An ethnicity or ethnic group is a group of people who identify with each other on the basis of perceived shared attributes that distinguish them from other groups. Those attributes can include a common nation of origin, or common sets of ancestry, traditions, language, history, society, religion, or social treatment. The term ethnicity is often used interchangeably with the term nation, particularly in cases of ethnic nationalism.

An imagined community is a concept developed by Benedict Anderson in his 1983 book Imagined Communities to analyze nationalism. Anderson depicts a nation as a socially-constructed community, imagined by the people who perceive themselves as part of a group.

<span class="mw-page-title-main">National identity</span> Identity or sense of belonging to one state or one nation

National identity is a person's identity or sense of belonging to one or more states or one or more nations. It is the sense of "a nation as a cohesive whole, as represented by distinctive traditions, culture, and language". National identity may refer to the subjective feeling one shares with a group of people about a nation, regardless of one's legal citizenship status. National identity is viewed in psychological terms as "an awareness of difference", a "feeling and recognition of 'we' and 'they'". National identity also includes the general population and diaspora of multi-ethnic states and societies that have a shared sense of common identity identical to that of a nation while being made up of several component ethnic groups. Hyphenated ethnicities are examples of the confluence of multiple ethnic and national identities within a single person or entity.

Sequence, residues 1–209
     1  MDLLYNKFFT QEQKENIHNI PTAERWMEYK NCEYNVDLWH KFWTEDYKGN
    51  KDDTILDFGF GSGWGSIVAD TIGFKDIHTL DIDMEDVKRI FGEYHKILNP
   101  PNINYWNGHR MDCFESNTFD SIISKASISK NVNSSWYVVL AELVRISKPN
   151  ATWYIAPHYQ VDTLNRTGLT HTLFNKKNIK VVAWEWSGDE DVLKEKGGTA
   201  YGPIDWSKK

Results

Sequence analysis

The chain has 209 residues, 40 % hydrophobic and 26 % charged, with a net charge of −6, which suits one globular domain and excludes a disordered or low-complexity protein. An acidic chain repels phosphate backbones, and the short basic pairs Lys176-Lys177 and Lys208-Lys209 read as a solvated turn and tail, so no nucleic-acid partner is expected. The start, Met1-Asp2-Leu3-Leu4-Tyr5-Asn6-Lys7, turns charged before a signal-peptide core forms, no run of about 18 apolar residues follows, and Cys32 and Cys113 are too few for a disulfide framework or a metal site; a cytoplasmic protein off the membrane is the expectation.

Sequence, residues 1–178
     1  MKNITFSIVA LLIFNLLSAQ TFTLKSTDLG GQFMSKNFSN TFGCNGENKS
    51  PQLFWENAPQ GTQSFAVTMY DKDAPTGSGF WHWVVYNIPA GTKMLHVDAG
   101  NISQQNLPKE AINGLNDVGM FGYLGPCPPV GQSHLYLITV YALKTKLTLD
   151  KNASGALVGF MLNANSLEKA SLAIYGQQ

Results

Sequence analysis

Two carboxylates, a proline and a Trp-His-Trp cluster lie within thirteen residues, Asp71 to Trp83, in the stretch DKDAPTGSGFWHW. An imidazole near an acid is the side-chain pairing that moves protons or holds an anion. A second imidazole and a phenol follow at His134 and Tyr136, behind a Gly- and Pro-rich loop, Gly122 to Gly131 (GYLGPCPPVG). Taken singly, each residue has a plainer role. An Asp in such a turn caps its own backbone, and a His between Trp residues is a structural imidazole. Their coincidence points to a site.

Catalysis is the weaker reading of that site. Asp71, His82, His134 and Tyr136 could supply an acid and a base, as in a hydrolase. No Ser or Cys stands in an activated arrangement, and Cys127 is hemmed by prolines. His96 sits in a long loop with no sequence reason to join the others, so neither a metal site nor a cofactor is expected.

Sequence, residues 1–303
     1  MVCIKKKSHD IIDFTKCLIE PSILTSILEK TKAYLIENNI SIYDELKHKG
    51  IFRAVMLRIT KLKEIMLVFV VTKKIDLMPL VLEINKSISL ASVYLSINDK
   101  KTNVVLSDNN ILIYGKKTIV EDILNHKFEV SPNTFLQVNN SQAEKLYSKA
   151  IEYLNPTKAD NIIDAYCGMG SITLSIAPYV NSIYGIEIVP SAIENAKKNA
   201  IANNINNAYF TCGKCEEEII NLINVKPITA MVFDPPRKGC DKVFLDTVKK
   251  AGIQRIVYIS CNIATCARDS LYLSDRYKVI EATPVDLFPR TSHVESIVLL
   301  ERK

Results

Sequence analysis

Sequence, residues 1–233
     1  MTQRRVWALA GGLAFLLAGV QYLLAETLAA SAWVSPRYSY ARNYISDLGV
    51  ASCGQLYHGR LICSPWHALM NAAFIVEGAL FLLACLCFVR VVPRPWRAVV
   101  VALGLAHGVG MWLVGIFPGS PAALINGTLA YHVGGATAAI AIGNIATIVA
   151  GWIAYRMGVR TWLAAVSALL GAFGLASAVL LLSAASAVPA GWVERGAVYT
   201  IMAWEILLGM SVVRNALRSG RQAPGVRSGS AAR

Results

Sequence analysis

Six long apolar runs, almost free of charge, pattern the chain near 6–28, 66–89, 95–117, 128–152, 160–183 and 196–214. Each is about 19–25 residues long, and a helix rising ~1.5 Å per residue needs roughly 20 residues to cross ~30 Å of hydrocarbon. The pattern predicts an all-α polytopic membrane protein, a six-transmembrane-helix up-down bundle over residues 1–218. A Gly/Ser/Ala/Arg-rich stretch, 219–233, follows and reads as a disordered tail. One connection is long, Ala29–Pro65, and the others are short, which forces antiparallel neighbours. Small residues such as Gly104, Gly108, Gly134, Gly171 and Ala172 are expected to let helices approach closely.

Historiography is the study of how history is written. One pervasive influence upon the writing of history has been nationalism, a set of beliefs about political legitimacy and cultural identity. Nationalism has provided a significant framework for historical writing in Europe and in those former colonies influenced by Europe since the nineteenth century. Typically official school textbooks are based on the nationalist model and focus on the emergence, trials and successes of the forces of nationalism.

Primordialism is the idea that nations or ethnic identities are fixed, natural, and ancient. Primordialists argue that each individual has a single inborn ethnic identity independent of historical processes. While implicit primordialist assumptions are common in society and academic research, primordialism is widely rejected by scholars of nationalism and ethnicity, as individuals can have multiple ethnic identities which are changeable and socially constructed.

<i>Imagined Communities</i> 1983 book by Benedict Anderson

Imagined Communities: Reflections on the Origin and Spread of Nationalism is a book by Benedict Anderson about the development of national feeling in different eras and throughout different geographies across the world. It introduced the term "imagined communities" as a descriptor of a social group—specifically nations—and the term has since entered standard usage in myriad political and social science fields. The book was first published in 1983 and was reissued with additional chapters in 1991 and a further revised version in 2006.

Anthony David Stephen Smith was a British historical sociologist who, at the time of his death, was Professor Emeritus of Nationalism and Ethnicity at the London School of Economics. He is considered one of the founders of the interdisciplinary field of nationalism studies.